photo credit: Timur Weber, pexels.com
I arrive at the plains on the bluff, overlooking the river. I smile as I reach Eagle Man Guide and feel a strong kinship with him. His stalwart support is so meaningful to me. I express my gratitude and we embrace; we proceed into the tree and down into the underworld.
As we emerge into the darkened forest and in the distance I see a campfire. Around the campfire are Hecate, Sitri, Bambi, Thumper and Flower. My guides. We approach the campfire and we sit down on a rock, which is hard and transforms into a log. We are in a circle around the fire. Hecate is telling a story, which we’ve walked into the middle of her telling.
There is a prince who has fallen from grace.
I ask “What caused his fall?”
Hecate replies, “It was arrogance. But he was also poisoned. Poisoned with the belief that he was somehow better than all those around him.”
I cock my head to the side, remarking “But he’s a prince!”
“Yes,” Hecate replies, “but in today’s time, in the culture we are moving towards, that we are co-creating, the sense of superiority indicates the decline and fall of man. Whether it be royalty or a beggar on the street, there is an equality of human value that is emerging or pushing through.”
A new question leaps to mind, “What about hierarchy or sacred order, how do we recognize it? Or establish it?”
Hecate continues to describe the prince’s journey. It’s a new take on the hero’s archetypal journey.
Once the prince has fallen, he finds himself in the streets of a city. A common beggar, without means or his normal, entitled ways of providing for himself. He must rely upon the goodness of the people around him. He turns bitter, knowing that he is destined for greater things. His impoverishment is unjust and unfair. As he sits on the dirty sidewalk, his back against a building with his cup at his side, he doesn’t know what else to do.
A beautiful woman appears and puts a few coins in his cup. She provides him a small smile and nods her head in acknowledgement. Then she drifts off. Day after day, this ritual is repeated, with this beautiful woman returning and putting a few coins in his cup.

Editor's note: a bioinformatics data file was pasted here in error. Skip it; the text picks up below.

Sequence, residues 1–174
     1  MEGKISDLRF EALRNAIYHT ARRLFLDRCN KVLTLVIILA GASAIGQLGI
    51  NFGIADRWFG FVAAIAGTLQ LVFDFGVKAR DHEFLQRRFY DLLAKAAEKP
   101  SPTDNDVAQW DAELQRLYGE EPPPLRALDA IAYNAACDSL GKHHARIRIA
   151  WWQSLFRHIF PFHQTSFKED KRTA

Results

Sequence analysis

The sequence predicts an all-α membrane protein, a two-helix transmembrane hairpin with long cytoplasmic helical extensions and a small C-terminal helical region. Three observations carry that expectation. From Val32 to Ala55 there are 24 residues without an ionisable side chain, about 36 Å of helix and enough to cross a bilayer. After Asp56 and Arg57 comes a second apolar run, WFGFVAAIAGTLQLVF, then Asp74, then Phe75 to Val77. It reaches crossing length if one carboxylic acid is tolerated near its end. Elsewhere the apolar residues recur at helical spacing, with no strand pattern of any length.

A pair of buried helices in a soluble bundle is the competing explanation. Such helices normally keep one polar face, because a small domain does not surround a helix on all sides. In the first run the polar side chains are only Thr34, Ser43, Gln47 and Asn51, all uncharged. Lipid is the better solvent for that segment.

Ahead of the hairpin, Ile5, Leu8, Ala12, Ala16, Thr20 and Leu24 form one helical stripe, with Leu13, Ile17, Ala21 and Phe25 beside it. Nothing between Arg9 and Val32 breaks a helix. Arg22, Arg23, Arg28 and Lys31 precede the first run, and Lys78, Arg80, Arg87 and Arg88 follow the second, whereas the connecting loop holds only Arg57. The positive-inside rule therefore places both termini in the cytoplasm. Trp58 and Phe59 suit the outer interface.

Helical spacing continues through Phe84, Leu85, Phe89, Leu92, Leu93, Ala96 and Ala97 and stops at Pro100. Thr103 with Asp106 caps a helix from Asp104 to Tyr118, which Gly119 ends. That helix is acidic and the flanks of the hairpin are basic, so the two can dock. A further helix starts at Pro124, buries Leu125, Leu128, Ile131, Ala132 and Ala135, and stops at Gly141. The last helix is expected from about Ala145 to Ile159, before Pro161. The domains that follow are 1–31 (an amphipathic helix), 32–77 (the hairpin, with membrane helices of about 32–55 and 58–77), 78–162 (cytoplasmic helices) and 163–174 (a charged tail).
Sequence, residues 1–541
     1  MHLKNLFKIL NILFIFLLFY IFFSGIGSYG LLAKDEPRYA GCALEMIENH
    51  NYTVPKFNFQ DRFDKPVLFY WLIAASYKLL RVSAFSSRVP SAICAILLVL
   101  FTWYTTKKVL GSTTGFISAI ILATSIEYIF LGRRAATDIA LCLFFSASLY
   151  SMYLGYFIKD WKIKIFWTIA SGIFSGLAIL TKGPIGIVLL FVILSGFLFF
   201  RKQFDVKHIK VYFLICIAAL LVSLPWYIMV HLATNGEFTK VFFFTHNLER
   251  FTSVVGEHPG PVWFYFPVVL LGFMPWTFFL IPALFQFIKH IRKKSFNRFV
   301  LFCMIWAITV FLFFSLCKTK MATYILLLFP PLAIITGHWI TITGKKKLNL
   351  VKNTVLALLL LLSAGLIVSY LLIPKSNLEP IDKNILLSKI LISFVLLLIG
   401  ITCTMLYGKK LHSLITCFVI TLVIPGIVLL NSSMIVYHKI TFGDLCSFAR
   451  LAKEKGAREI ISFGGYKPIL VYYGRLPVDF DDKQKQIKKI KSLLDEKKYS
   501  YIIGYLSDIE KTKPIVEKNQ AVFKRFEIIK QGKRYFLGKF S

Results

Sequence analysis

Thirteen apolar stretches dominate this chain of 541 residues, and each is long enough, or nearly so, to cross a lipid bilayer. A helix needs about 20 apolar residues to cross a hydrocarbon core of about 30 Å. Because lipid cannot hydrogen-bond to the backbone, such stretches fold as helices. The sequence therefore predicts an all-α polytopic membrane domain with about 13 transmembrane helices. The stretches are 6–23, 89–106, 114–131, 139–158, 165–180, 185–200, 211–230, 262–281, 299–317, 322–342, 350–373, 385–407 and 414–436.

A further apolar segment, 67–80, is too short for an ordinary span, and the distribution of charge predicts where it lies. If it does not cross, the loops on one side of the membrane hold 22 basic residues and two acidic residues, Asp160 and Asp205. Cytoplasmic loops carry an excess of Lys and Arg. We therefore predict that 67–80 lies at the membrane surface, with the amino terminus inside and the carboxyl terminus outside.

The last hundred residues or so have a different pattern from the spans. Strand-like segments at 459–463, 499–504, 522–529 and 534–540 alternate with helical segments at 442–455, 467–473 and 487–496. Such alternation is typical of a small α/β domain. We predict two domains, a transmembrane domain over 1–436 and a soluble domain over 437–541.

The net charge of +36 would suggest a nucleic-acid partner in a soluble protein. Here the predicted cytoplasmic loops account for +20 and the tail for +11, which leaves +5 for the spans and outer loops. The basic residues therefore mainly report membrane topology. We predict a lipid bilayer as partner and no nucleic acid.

One day, instead of spending the coins on ale or food, as he sleeps rough on the streets, he decides to keep some of the coins. He starts to build a “savings account” in a small pouch upon his body.
The ritual continues day after day. The beautiful woman shares a few coins, a small smile and nods in acknowledgement. One day, he works up the courage to ask for her name.
“Susanna,” she says, as she hurries on her way.
The man continues to build up and save her/his money. Finally, he has a little bit he can invest. He wonders about where to invest it. He thinks on this, but doesn’t know where to go. As a prince, he had people who helped with those types of things, although he’d never given them a second thought.
He locates a prestigious looking investment house, and decides to try. He enters the building and holds out his handful of coins that he has saved. The investment banker scoffs at his meager offering and throws him out. He’s a vagrant in their eyes, no longer a prince.
He sits on this for a couple of days, repeating the ritual with Susanna. He works up his courage to try again. He tries a different, more modest looking investment house. Inside, he finds Susanna.
Susanna agrees to help him and they begin with a small investment in a new low-income housing development. There are many other small investors. Part of the requirement of investing in this venture is that he must also give his time. Susanna makes it clear that if he invests his coins in this endeavor, he must also invest part of himself in building the homes.
As the crew of investors assembles, they become tradesmen. Each of them is making a small investment of coins and part of themselves in building these homes. A small housing development is built — a village, if you will. There is a square in the middle, a community space. It was constructed by their collective contributions of time and treasure.
Finally, it’s opening day. They wonder who will now be housed in this small village they’ve built. Susanna surprises them by saying “You have built your own community. You can live here. This is how we take care of one another.”
The men puff up with pride at having built something together. They’ve also formed deep relationships in the process of building. They move their things in, no longer beggars on the street. It turns out that Susanna has been sprinkling coins in the cups of many men on the street.
As the story comes to an end, I look at Hecate and ask, where are the women? How is this helpful between now and March? She laughs at my question.
“Until men find a home, and something to be proud of, they will make war. They will be disgruntled and they will harm others.” she responds.
I thank Hecate for her wisdom, Eagle Man Guide nods to me as we rise. And I am returned.